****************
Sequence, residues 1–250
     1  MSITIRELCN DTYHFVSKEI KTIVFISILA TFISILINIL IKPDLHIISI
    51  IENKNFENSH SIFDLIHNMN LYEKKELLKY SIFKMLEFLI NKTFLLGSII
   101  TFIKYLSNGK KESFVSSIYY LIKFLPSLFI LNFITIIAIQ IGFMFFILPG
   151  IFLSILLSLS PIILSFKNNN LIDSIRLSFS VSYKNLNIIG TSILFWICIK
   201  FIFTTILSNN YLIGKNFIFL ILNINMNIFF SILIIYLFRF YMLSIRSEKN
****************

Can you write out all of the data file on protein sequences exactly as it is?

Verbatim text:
Sequence, residues 1–250
     1  MSITIRELCN DTYHFVSKEI KTIVFISILA TFISILINIL IKPDLHIISI
    51  IENKNFENSH SIFDLIHNMN LYEKKELLKY SIFKMLEFLI NKTFLLGSII
   101  TFIKYLSNGK KESFVSSIYY LIKFLPSLFI LNFITIIAIQ IGFMFFILPG
   151  IFLSILLSLS PIILSFKNNN LIDSIRLSFS VSYKNLNIIG TSILFWICIK
   201  FIFTTILSNN YLIGKNFIFL ILNINMNIFF SILIIYLFRF YMLSIRSEKN